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A Computer Simulation Model for Analyzing Mobile Source Air Pollution Control Strategies

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This report describes MATHAIR, a computer model that simulates the impacts of strategies for controlling mobile source air pollutants. Vehicle miles traveled for different modes of ground transportation are predicted by a transportation module. Given vehicle miles traveled predictions, an inventory of stationary sources of mobile source pollutants and certain other inputs for the urban area, pollutant emissions are calculated using EPA-developed relations. A linear rollback air quality module then predicts ambient pollutant concentrations. Finally, strategy costs and benefits due to damage reduction are calculated.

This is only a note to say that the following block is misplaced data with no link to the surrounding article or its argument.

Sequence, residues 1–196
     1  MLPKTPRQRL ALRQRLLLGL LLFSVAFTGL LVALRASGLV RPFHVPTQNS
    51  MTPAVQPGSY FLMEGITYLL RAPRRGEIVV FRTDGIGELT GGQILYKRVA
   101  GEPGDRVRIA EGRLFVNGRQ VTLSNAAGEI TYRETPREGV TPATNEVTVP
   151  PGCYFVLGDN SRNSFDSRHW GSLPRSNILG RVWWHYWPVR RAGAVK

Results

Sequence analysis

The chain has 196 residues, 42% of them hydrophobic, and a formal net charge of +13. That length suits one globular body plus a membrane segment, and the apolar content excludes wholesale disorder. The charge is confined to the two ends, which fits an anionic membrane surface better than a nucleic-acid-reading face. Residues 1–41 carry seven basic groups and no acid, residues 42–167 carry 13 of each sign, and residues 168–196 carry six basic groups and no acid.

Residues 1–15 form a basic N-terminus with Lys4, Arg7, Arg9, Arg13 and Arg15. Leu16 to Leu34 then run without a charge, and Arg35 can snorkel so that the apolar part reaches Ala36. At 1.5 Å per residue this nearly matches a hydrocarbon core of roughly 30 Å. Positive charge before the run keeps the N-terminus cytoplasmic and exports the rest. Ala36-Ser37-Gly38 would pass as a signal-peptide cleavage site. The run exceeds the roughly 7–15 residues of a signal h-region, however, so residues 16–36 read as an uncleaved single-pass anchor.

A set of experiments were performed for four selected urban regions using MATHAIR. MATHAIR casts all strategy costs and all benefits in dollar terms so that strategies can be compared in terms of their total impact. A baseline, zero control strategy and four strategies of increasing stringency are defined and simulated over a ten-year horizon. One general conclusion suggested by the results of the test is that it is economically inefficient to impose the same program of controls in different urban regions. Another conclusion is that the control strategies are very sensitive to certain input data.


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